New book in three volumes tell the exciting stories about the European bears and their past, present and future.
Bear and Human: Facets of a Multi-Layered Relationship from Past to Recent Times, with Emphasis on Northern Europe, Vol 1 – 3
Ed by Oliver Grimm
Bears have, throughout human history, been admired and feared by humans in equal measure, with an interrelationship between the two species identifiable from pre-modern times through a wealth of material items, as well as from cult sites, sacral remains, images, and written sources.
This unique interdisciplinary volume draws together sixty-four contributions by experts from across a range of fields in order to shed light on the complex connections between bears and humans in a period extending from the pre-modern into modern times, and across an area stretching from England into Russia. From bear biology (represented by work from the Scandinavian Brown Bear Research Project) and archaeo-zoology to art history, and from history of religion to philology and literature, the research gathered across this three-volume set explores a wide-range of subjects. Among them are the bear in biology, bears and animal agency, bear remains in graves and churches, the role of bears in religious beliefs (including berserker and bear ceremonialism), bears in literature, the philology underpinning why bear is a taboo word, and the image of the bear in rock art, as well as political iconography up to the present day.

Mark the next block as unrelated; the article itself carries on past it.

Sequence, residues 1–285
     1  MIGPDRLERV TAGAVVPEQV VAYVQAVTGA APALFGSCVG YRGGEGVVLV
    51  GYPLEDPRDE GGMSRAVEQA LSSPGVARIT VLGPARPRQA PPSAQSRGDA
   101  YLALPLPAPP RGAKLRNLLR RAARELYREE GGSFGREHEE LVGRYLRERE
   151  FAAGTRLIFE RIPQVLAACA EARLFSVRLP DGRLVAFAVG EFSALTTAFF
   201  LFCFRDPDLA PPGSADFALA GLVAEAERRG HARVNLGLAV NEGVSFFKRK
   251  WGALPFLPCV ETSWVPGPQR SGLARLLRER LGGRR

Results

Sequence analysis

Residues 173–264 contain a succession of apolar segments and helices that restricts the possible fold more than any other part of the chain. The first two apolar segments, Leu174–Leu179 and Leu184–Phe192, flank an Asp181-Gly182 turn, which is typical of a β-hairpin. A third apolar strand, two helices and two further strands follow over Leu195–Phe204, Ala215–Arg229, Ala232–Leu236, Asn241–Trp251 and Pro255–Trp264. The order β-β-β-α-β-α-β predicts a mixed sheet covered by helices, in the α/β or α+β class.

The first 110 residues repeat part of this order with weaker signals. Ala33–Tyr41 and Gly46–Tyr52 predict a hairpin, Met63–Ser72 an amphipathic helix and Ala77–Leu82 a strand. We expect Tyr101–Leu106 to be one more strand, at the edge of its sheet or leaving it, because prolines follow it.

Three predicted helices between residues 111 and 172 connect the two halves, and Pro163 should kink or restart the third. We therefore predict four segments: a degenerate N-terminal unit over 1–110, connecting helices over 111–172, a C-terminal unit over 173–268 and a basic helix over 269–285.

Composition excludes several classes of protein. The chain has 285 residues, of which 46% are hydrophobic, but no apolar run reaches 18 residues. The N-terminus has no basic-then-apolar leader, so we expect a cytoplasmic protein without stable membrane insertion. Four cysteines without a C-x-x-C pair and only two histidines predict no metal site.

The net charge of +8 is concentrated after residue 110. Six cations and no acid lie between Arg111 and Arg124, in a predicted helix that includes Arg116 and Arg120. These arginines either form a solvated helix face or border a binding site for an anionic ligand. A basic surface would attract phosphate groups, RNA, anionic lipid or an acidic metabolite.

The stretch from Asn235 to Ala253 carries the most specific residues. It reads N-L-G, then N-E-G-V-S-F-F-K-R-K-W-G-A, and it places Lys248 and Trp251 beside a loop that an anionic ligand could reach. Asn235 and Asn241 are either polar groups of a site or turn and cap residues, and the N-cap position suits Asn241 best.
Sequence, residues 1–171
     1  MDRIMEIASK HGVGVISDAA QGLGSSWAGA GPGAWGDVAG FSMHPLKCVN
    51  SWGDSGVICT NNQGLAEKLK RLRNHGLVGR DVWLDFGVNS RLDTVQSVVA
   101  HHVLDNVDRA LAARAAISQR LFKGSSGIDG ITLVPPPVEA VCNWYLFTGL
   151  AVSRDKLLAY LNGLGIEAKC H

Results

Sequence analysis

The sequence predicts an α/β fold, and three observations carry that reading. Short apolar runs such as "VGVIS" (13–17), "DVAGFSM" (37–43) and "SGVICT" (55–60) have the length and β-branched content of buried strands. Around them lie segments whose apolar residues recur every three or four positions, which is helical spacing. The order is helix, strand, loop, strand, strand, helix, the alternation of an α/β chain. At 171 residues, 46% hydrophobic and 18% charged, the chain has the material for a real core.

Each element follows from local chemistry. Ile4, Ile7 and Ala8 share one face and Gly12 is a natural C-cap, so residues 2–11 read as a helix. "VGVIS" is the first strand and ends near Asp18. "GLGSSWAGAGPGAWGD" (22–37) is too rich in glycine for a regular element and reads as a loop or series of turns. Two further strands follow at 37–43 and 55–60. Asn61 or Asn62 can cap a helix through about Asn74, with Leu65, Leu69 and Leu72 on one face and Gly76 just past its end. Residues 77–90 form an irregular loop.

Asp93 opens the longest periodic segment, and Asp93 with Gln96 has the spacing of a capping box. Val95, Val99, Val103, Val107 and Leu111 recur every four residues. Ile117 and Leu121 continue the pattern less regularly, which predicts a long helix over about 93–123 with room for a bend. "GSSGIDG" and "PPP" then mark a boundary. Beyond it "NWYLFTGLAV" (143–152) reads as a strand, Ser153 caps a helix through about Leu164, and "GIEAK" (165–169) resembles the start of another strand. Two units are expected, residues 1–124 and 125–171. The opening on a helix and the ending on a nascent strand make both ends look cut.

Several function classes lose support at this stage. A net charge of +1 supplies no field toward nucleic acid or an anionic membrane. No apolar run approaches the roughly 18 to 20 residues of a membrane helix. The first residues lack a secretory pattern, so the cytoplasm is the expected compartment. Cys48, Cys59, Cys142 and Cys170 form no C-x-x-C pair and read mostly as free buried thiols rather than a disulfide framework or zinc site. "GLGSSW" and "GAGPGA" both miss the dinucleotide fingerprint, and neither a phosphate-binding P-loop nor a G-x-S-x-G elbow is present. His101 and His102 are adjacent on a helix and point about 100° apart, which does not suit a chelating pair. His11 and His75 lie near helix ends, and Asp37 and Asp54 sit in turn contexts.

Together, these wide-ranging but closely thematic texts combine to produce a ground-breaking new work that will prove fundamental in understanding the human connection with this remarkable animal.
For Medieval Historians and Archaeologists, the book is immensely interesting.
Collage of matrices for Vendel Era helmets from Torslund. Source: Wikipedia